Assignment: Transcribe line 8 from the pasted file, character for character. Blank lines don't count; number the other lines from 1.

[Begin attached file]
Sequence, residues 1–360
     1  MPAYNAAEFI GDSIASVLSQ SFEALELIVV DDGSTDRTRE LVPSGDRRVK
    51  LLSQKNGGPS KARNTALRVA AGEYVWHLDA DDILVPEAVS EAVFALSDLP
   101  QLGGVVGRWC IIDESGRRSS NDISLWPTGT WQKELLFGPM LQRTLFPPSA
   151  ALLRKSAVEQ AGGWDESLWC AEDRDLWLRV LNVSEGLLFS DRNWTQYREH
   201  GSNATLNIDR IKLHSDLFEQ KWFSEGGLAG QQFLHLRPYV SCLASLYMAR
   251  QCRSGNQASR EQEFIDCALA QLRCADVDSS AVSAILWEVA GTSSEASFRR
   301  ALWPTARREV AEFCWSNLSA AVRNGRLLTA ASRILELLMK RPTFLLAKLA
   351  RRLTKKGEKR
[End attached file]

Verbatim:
   301  ALWPTARREV AEFCWSNLSA AVRNGRLLTA ASRILELLMK RPTFLLAKLA